The short answer is “yes.” There is a strange collaborative symbiosis that develops with content marketing efforts. You’ll find that there are both potential customers and potential competitors in the conversation, and when more are involved, it’s better. You will find that you’ll actually share some information developed by others in the printing industry as curated content, and mention them in social media posts. Let them know when you do this, because they’ll appreciate it and (as long as you’re saying something worthwhile) they’ll be happy to reciprocate.
No Castles Made of Sand
It’s important to pay attention to the conversation and to the patterns that are established when visitors come to your website for information. Without some attention to feedback, it’s possible to become a victim of your own imagination. To paraphrase Hendrix, there’s a risk of constructing great castles made of sand (that drift into the sea, eventually). There are two kinds of feedback that are both important:
- Qualitative feedback – collected from individuals involved in the conversation.
- Quantitative feedback – numbers that can be programmatically collected from multiple sources for analysis.
More than anything else, the collection of qualitative feedback really just involves listening. Listening can provide new questions and ideas for new content development. It also helps to identify trending topics of conversation, letting you know what interests your audience. (Note: Your team members can help out a lot here. If you encourage them to get involved with the content marketing effort, they can both listen and contribute to the conversations. If you provide a few parameters and a little coaching, they’ll begin generating new ideas and developing relationships for the company.)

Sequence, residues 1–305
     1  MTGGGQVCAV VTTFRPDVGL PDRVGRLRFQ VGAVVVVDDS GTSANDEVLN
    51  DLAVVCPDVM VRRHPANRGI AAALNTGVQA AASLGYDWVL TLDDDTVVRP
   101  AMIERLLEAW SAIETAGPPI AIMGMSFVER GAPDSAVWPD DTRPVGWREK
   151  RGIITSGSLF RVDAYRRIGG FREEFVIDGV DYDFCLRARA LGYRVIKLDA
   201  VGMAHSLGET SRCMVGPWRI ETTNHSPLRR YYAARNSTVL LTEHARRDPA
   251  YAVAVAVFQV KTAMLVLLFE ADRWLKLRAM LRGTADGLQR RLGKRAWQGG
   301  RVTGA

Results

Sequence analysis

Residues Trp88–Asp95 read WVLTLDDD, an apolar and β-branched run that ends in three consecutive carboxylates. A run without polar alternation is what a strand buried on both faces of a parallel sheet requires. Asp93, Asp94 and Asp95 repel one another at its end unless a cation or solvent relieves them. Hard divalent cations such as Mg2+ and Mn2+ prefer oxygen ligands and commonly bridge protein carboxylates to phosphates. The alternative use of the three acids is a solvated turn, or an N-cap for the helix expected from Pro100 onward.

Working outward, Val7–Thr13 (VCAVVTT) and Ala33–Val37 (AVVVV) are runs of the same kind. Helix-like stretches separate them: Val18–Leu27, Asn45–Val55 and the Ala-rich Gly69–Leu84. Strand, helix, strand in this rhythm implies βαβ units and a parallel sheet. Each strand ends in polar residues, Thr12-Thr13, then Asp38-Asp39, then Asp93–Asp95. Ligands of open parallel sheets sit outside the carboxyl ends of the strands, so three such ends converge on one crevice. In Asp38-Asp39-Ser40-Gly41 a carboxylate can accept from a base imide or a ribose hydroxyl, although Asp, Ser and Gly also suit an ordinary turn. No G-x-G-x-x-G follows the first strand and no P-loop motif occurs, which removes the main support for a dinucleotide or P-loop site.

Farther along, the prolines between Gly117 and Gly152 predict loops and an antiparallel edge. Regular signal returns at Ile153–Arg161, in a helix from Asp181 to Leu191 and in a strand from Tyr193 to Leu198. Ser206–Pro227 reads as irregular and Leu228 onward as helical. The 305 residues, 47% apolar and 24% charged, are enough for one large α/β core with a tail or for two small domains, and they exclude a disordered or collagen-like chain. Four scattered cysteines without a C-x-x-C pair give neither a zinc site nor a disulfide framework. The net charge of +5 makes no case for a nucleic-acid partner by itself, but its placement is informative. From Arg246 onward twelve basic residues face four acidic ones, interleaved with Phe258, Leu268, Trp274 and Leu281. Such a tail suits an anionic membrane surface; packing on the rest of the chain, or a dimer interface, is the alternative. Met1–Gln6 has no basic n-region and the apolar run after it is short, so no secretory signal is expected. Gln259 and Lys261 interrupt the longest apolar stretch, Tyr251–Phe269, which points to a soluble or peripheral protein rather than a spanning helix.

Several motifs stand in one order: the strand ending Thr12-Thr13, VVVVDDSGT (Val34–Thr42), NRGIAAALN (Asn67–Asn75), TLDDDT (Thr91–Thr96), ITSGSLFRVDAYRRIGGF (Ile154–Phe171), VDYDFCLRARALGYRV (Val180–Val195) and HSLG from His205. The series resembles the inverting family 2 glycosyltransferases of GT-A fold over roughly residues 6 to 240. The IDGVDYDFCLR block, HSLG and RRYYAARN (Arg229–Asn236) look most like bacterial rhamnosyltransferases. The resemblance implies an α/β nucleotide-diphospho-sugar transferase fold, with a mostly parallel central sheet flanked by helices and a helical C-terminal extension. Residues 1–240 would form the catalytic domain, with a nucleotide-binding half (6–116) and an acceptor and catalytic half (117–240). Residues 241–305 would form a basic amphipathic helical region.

The Purple Haze of Analytics
Quantitative feedback or analytics is a massive subject that has been the topic of almost exactly 77,600,000 articles and posts (according to Google). Here’s the point: There’s so much information available about analytics and from analytics that it’s easy to get lost in the (purple) haze. For the purposes of this post, we’re going to keep it very simple.
Most of the data or metrics that you’ll use for analysis will be collected from your website, but there are also lots of other good sources. If you have the resources to afford a marketing automation platform like Hubspot or Marketo, you’ll be able to collect and track a lot of data in one place. Both of these applications integrate website, emails, forms and social networking under one roof and the analytics are built in. For the rest of us with more limited budgets, the numbers will be acquired from multiple sources.